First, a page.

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I came from a C-Java-C# world... where the parentheses were VIP citizens and types were loved by everyone : )

Sometimes I need to develop some piece of code to automatize a repetitive task, convert some complex frame, order an input file, send programatic request to a server... you know what I mean?

But sometimes I wonder how easier could be write the same in some language like Python... or these DoItSimple languages : ) -with all respect.

So which language should I use for this kind of tasks?

Thank you very much in advance!

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1  
Some scripting languages, yea? You might want to retag the question, 'new' seem rather ambiguous. – o.k.w Feb 8 '10 at 0:43
    
hahhaha yep... I just think on it. thanks : ) – SDReyes Feb 8 '10 at 0:45
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"you know what I mean? we the geeks...-read aloud if you qualify-"?? How does this clarify or focus the question? You could probably edit this out and the question would be the same. – S.Lott Feb 8 '10 at 2:55
    
hahaha yep you're right thanks : ) – SDReyes Feb 8 '10 at 14:12

10 Answers 10

up vote 2 down vote accepted

Why don't you just take a list of the languages you find attractive and write some small pieces of code. Then you'll be able to select the one that is "yours".

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Hey nice idea thanks : O +1 – SDReyes Feb 8 '10 at 0:46

You should really investigate one of the more popular scripting languages, like Python/Ruby/Perl. Any one of those will set you in good stead for what you're trying to achieve. Which one of those you should use is a matter for heated debate around the water cooler - or more likely, the coffee machine.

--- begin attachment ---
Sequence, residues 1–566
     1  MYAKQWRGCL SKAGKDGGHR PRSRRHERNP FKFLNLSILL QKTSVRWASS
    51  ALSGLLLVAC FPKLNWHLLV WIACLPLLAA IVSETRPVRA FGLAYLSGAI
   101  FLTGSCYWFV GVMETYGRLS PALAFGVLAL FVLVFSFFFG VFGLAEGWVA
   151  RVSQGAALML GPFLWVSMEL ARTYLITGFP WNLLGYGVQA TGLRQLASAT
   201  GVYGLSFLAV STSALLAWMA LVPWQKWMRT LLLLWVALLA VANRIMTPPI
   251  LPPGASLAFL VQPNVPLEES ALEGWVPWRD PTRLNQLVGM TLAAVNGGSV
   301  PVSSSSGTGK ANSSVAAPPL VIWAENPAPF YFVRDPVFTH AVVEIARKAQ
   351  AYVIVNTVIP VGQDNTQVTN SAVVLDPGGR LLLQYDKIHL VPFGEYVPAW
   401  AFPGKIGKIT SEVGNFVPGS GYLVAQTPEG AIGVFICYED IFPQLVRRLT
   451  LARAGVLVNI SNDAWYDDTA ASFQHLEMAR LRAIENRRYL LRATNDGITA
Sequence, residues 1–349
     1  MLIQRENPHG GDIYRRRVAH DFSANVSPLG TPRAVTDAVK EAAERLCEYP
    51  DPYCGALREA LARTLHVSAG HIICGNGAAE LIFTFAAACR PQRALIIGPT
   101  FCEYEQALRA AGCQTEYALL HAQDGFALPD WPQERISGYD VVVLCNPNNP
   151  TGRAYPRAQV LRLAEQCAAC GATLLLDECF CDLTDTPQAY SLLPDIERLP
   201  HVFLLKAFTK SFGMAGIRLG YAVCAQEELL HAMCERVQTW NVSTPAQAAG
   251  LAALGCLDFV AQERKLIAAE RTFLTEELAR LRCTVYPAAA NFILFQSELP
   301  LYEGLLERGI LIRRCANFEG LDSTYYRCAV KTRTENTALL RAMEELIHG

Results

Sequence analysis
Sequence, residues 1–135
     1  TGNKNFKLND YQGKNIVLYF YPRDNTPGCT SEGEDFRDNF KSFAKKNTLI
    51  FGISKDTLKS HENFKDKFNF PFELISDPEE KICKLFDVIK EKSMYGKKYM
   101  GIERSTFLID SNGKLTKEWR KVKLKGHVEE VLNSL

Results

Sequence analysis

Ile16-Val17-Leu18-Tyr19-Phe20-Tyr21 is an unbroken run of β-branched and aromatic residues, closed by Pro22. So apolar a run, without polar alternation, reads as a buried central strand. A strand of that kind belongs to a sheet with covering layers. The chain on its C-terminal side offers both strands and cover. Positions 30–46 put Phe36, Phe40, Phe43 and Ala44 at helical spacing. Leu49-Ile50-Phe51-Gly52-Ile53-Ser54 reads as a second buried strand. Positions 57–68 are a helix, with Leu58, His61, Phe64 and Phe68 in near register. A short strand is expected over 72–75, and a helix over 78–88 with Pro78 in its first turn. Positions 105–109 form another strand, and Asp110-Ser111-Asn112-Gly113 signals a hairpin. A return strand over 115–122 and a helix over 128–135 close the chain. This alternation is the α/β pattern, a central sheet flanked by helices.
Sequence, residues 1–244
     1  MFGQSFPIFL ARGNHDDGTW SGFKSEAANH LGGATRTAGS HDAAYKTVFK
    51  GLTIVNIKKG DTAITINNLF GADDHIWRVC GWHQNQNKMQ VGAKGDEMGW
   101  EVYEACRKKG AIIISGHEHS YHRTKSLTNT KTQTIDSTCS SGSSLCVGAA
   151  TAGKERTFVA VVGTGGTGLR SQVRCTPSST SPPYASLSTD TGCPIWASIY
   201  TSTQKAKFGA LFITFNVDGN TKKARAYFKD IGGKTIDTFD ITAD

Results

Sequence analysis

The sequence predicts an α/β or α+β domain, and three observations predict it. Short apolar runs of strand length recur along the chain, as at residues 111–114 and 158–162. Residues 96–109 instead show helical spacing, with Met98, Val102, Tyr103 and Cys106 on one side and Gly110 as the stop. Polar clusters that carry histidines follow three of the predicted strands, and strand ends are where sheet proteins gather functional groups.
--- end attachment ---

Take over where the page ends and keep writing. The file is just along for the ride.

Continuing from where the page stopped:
That said, there's something to be said for learning tools like 'awk' and 'sed', not to mention some of the extended capabilities in 'vim' for achieving day-to-day tasks

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Thanks AlBlue. 'Scripting' how valuable is that word for the thread : D +1 I'm going to take your advice to learn more about the tools to start. nonetheless which scripting language do you recommend me? thanks again : ) SD – SDReyes Feb 8 '10 at 0:44

For a long time, you will always be faster with the languages you know. However, if you just want to experience something new and eventually have another useful tool in your belt, I'd try python. It's very handy, and is not too far of a jump from the C# world (if you've ever done BASIC, it feels VERY similar).

BTW - AlBlue's suggestion about awk/sed/vim(macros/etc) is A+. I will often hop onto a Linux box at work to handle any repetitive file tasks (on Windows you can get cygwin, we just don't have it available at work).

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yes I totally agree with AlBlue : ) Thanks for your suggestion – SDReyes Feb 8 '10 at 0:46
    
+1: Python works well. You'll find it "slower" to develop until you finish learning Python. Also, you can directly call your C code from Python. You do a little coding to wrap your existing C libraries as Python modules. – S.Lott Feb 8 '10 at 2:57

I love PHP and perl for these things (having grown out of sed and awk, for the most part), but if don't rule out the bash shell (I use Cygwin's on windows systems), and even the Windows scripting language (yes, batch files still exist) can do more than I once thought.

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hahaha yep of course : ). they are here for something, aren't they? : P Thank you very much James : ) – SDReyes Feb 8 '10 at 0:47
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+1 for PHP, excellent quick&dirty scripting language if you ask me :).. not to mention it has similar syntax to C. – Daniel Sloof Feb 8 '10 at 1:07
    
I was afraid someone would notice I said perl and vote me down... – James McLeod Feb 8 '10 at 1:14
    
hhahaha quick&dirty +1 thx Daniel! – SDReyes Feb 8 '10 at 1:14

I Say Ruby or Python


My favorite is Ruby for its high-purity object model and generally awesome syntax and power.

However, Python has the same general capabilities and is about twice as popular.